Clinical, Social and Cognitive Neuroscience (MSc)

For more information about Clinical, Social and Cognitive Neuroscience at City, University of London, please visit the webpage using the button above.

The award

How long you will study
2 years

Domestic course fees
GBP 4750 per year

How you will study

Course starts

International course fees
GBP 8000 per year

All study options

About Clinical, Social and Cognitive Neuroscience at City, University of London

Learn how different brain functions contribute to cognition, mediate social interaction, and determine mental health, well-being and psychiatric illness.

Who is it for?

This Masters is ideal for those who have an undergraduate degree in Psychology or a related discipline and would like to build more knowledge and skills highly valued both in academic research and the clinical professions. The MSc is an ideal platform from which to progress to PhD studies, particularly in Cognitive or Social Neuroscience. Students will also be well-equipped should they wish to undertake further professional training in Clinical Psychology, or a related discipline.


This Masters degree bridges three research and clinical disciplines:

  • Cognitive Neuroscience (the study of human brain functions such as memory, perception and language)
  • Clinical Neuroscience (the understanding of neurological, psychological or psychiatric illness via their neural and cognitive antecedents)
  • and Social Neuroscience (the investigation of brain processes that help us communicate, feel, learn and interact with others).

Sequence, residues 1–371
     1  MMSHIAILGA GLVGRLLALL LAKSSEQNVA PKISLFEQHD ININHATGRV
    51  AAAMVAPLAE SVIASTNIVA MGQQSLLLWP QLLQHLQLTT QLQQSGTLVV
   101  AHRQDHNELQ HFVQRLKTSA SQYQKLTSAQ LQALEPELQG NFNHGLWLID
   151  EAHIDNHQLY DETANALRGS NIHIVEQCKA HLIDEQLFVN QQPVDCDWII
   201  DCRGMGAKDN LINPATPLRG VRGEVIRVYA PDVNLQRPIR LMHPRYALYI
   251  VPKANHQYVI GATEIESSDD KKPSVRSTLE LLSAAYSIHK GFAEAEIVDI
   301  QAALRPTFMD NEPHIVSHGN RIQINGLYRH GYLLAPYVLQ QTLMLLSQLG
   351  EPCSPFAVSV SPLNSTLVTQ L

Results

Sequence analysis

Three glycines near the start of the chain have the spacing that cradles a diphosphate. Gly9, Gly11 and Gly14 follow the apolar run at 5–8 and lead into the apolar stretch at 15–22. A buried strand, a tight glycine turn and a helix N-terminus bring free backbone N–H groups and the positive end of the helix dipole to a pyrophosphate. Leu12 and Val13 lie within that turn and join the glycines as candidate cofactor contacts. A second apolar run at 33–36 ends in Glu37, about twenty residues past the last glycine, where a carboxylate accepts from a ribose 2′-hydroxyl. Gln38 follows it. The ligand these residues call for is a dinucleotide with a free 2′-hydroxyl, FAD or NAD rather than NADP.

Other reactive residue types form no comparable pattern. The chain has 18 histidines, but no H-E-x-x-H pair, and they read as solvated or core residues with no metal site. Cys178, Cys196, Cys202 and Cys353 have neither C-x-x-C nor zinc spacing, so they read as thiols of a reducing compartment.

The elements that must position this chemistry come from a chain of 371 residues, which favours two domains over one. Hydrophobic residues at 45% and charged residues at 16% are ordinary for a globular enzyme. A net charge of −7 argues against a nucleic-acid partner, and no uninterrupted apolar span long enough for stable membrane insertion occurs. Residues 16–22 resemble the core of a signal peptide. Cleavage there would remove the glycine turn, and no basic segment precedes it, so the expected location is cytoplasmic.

The major aim of this programme is to provide you with a thorough grounding in the neuroscience that underpins human cognitive brain function, clinical, social and affective interaction, and neuropathology.

Teaching will comprise of seminars, lectures, computing and statistics classes, and supervision of an individual research project. Your learning experience during the programme will be enhanced by an invited speaker's programme of external experts who work in Clinical, Social or Cognitive neuroscience.

Requirements and how to apply

Entry requirements

In order to be eligible for entry, you must hold a first or upper second class degree in Psychology, Biology or a related discipline. An equivalent qualification from an overseas university will also be considered.

English requirements

The following qualifications meet the English language requirement for entry into this programme:

  • A first degree from a UK university or from the CNAA
  • A first degree from an overseas institution recognised by City as providing adequate evidence of proficiency in the English language (e.g., from institutions in Australia, Canada or the USA)
  • GCE O-level/GCSE English language or English literature, grade C minimum